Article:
Our Next Wars: Yemen and Somalia
America’s clandestine activities in both nations only provoke the conflicts they are meant to prevent.
By Philip Giraldi
There appear to be some good business opportunities in Yemen, but they may not be what they seem. Yemen is the poorest Arab nation, and one of the poorest countries in the world, with an estimated annual per capita income of $1,061. It is running out of water, and production from its few oil fields is declining. Apart from that, it produces nothing and is increasingly becoming a center for drug trafficking. It is also corrupt, ranking 164th on Transparency International’s 2009 list, just ahead of Cambodia and the Central African Republic. It is a country that is remarkably devoid of resources or of a developed middle class of consumers, and it is best known for its ongoing multidimensional civil war, pitting the central government against various tribal groups. In spite of all that, there has been a surge in investment in the country by a number of small American companies — all the more remarkable as the U.S. economy itself has been in recession. A similar pattern is observable in Kenya, with an annual income of $912 and ranked just ahead of Yemen at 146th for corruption, and in Ethiopia, with an income of $390 per capita and coming in at 120 for corruption.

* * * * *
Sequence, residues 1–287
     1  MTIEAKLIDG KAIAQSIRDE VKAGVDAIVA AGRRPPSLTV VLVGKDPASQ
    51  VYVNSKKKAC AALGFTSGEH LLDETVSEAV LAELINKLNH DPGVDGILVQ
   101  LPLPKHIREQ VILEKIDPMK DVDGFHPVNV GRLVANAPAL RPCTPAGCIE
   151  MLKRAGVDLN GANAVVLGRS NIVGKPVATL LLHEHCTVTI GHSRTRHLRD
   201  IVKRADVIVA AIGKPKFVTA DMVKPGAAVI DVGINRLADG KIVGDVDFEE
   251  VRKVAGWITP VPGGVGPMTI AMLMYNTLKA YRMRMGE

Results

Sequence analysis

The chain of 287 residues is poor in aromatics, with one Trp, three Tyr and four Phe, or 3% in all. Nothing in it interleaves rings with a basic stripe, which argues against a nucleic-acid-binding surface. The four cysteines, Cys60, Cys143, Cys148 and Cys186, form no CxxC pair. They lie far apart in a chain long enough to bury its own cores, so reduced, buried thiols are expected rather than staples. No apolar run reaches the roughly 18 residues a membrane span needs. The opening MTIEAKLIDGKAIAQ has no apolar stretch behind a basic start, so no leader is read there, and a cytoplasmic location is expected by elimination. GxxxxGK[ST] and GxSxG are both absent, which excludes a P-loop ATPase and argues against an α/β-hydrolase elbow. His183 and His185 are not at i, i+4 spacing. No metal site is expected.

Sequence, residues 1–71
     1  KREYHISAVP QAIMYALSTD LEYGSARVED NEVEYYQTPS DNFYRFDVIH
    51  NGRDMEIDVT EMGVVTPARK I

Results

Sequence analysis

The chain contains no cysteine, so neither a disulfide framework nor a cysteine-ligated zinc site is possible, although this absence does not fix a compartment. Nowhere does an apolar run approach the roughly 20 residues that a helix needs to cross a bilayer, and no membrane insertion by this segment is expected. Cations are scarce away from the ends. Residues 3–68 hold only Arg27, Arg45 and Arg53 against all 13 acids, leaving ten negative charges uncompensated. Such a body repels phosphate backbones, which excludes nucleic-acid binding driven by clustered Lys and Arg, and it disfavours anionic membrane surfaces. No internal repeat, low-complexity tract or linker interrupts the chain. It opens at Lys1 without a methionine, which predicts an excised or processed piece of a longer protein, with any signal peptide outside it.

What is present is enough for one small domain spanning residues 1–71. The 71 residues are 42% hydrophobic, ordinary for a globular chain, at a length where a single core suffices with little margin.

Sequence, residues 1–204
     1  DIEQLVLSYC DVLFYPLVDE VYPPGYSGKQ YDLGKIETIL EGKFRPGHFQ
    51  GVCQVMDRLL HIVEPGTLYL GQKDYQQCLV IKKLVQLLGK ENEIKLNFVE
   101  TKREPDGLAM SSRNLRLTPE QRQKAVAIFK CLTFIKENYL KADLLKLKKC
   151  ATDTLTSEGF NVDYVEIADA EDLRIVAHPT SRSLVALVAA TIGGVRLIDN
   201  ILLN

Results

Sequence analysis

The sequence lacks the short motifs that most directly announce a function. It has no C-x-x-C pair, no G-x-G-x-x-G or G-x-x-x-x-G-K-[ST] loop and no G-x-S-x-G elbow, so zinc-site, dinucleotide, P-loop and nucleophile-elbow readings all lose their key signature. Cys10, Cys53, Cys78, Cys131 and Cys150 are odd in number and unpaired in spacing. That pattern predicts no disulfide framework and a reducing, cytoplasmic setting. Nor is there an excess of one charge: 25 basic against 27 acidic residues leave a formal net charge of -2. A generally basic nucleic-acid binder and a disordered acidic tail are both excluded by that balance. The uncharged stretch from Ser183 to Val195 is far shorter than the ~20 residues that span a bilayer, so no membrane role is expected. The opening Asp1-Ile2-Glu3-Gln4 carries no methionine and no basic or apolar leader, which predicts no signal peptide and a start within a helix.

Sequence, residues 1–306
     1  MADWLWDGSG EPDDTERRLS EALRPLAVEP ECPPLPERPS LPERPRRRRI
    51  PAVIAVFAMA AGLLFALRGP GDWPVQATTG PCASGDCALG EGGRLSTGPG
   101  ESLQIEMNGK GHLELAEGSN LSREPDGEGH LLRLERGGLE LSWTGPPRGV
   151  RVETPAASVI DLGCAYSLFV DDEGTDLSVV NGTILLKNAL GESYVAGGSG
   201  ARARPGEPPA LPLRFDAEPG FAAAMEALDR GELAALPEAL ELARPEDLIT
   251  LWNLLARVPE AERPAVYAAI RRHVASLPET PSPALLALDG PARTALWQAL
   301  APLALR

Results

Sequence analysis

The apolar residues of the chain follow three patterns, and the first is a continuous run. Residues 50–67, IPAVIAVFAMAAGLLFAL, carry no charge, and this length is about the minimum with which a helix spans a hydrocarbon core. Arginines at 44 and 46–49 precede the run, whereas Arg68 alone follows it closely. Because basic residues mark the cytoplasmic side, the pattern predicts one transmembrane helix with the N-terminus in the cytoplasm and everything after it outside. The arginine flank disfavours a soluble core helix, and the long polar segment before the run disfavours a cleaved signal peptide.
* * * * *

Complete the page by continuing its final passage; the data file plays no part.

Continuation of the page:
So what do these countries have in common? They are frontline states in the burgeoning but still secret phase three of the Global War on Terror being planned by the Pentagon and spy agencies with the concurrence of the Barack Obama White House. Those who thought there might be some kind of peace dividend with the Democrats holding the presidency can bid those thoughts goodbye. The administration is clearly thinking beyond Afghanistan (and even Iran), anticipating the next battlefronts in Yemen and Somalia. It is assiduously gathering resources to enter the fray, including setting up business fronts that can be used by covert operatives.